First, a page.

Diversity in the workplace has become an authentic tool to drive business growth in Japan.
Japan Inc., as the Japanese corporate world is known by many, is globalising at a rapid pace. With increasingly more firms expanding into foreign markets, the addition of women and foreigners to organisations means new ideas and viewpoints are permeating boardrooms—providing a competitive advantage through a stronger understanding of the markets.
There has been an increase in the number of Japanese firms hiring globally savvy professionals to work with businesses worldwide. Yet, Tokyo is at a disadvantage compared with the regional hubs of Singapore and Hong Kong in terms of sourcing these workers. This is because, although English is becoming more widely used in the workplace, domestic business still requires near-native-level Japanese.
Despite Japan’s highly educated and experienced talent pool, only a limited number of these professionals are able to use English effectively to communicate in a global workplace. Based on the results of the Test of English as a Foreign Language (TOEFL), Japan ranks 27th in Asia for the standardised business English fluency exam—just ahead of Laos, Tajikistan and Cambodia. This shows that not only is it difficult to import the bilingual people needed for global business, but there is a lack of local bilingual employees.
To counter the problem, many firms are seeking employees from beyond the conventional pool of Japanese males, and are sourcing individuals from a traditionally untapped group: women.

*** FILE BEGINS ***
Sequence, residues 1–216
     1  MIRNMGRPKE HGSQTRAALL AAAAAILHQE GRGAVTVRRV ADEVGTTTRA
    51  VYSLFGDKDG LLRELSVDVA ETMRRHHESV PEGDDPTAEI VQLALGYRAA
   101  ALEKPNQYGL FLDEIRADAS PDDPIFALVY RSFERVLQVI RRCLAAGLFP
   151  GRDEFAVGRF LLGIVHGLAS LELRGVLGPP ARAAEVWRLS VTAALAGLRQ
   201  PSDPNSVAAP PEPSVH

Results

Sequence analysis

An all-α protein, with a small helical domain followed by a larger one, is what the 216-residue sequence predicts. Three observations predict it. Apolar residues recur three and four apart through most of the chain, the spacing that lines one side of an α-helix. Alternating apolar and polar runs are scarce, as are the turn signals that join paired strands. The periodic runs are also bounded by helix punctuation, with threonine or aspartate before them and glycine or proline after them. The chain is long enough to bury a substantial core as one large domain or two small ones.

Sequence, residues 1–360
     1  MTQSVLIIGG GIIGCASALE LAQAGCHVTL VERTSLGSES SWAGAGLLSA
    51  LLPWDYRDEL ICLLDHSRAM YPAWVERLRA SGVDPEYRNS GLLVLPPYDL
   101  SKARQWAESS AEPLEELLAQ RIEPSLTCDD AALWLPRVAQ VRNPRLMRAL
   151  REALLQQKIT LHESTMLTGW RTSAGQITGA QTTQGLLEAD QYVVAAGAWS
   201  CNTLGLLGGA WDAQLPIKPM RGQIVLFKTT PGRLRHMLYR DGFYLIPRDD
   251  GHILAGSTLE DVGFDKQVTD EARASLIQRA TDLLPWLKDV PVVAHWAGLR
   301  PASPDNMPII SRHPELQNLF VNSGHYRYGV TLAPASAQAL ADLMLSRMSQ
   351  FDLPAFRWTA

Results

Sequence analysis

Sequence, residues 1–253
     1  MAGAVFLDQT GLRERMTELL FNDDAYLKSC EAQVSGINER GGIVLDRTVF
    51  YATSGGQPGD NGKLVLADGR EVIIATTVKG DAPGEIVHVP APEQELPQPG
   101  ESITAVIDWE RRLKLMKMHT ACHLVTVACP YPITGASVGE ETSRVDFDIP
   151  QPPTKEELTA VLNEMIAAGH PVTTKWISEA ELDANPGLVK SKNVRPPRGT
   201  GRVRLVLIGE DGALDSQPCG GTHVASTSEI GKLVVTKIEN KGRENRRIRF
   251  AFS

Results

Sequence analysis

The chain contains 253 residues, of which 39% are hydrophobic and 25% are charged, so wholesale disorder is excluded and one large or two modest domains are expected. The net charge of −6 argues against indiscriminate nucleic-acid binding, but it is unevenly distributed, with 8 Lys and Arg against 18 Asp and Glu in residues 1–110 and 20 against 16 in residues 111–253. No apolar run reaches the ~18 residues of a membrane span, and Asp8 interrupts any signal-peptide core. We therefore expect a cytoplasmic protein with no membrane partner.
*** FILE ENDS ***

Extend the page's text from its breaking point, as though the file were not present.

While traditionally in Japan only a small proportion of the female workforce has acquired senior positions, currently there seems to be a growing appreciation of diversity. In a poll that Robert Walters conducted recently, 58% of the respondents said they believe a diverse workplace would influence their decision to join a firm, while only 37% said they feel their organisations are doing enough to encourage diversity.
This disconnect represents an opportunity for firms wishing to attract global talent. By fostering an environment that promotes diversity and equality, firms are hiring professionals on the basis of their qualifications, thereby favourably positioning themselves to attract potential employees.
Realistically, implementing a policy of diversity is challenging, especially if a workplace is male-dominated. Due to social influences and the pressures of work, women often must choose between a career and having a family. Thus, substantial numbers of qualified, global-minded women drop out of the workforce.
Further intensifying the issues surrounding diversity is the perception that females are less employable after having had children, which deters qualified females from returning to work. Many mothers have adapted by joining firms that offer flexitime or accepted professional contract positions. Both alternatives allow them to better manage their schedules.
Were the barriers eliminated, firms would be able to draw from a much larger pool of potential employees, and acquire qualified, experienced individuals as they prepare for globalisation.